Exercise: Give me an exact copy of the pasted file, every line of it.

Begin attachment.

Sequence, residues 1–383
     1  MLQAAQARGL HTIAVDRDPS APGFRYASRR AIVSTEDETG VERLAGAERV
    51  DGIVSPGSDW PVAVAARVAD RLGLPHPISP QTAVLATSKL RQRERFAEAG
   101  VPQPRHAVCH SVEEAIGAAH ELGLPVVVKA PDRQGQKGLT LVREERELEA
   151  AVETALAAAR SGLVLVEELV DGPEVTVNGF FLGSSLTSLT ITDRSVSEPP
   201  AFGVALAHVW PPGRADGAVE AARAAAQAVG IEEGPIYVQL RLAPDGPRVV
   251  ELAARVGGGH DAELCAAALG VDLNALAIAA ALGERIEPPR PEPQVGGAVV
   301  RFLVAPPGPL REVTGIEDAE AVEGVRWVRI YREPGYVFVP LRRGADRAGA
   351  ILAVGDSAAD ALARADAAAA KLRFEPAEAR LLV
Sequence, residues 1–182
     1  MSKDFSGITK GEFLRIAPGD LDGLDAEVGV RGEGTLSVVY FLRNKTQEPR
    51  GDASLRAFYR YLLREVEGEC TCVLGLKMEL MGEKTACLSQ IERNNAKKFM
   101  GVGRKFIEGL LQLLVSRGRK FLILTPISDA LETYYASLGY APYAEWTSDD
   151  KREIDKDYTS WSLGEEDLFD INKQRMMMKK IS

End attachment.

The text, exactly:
Sequence, residues 1–383
     1  MLQAAQARGL HTIAVDRDPS APGFRYASRR AIVSTEDETG VERLAGAERV
    51  DGIVSPGSDW PVAVAARVAD RLGLPHPISP QTAVLATSKL RQRERFAEAG
   101  VPQPRHAVCH SVEEAIGAAH ELGLPVVVKA PDRQGQKGLT LVREERELEA
   151  AVETALAAAR SGLVLVEELV DGPEVTVNGF FLGSSLTSLT ITDRSVSEPP
   201  AFGVALAHVW PPGRADGAVE AARAAAQAVG IEEGPIYVQL RLAPDGPRVV
   251  ELAARVGGGH DAELCAAALG VDLNALAIAA ALGERIEPPR PEPQVGGAVV
   301  RFLVAPPGPL REVTGIEDAE AVEGVRWVRI YREPGYVFVP LRRGADRAGA
   351  ILAVGDSAAD ALARADAAAA KLRFEPAEAR LLV
Sequence, residues 1–182
     1  MSKDFSGITK GEFLRIAPGD LDGLDAEVGV RGEGTLSVVY FLRNKTQEPR
    51  GDASLRAFYR YLLREVEGEC TCVLGLKMEL MGEKTACLSQ IERNNAKKFM
   101  GVGRKFIEGL LQLLVSRGRK FLILTPISDA LETYYASLGY APYAEWTSDD
   151  KREIDKDYTS WSLGEEDLFD INKQRMMMKK IS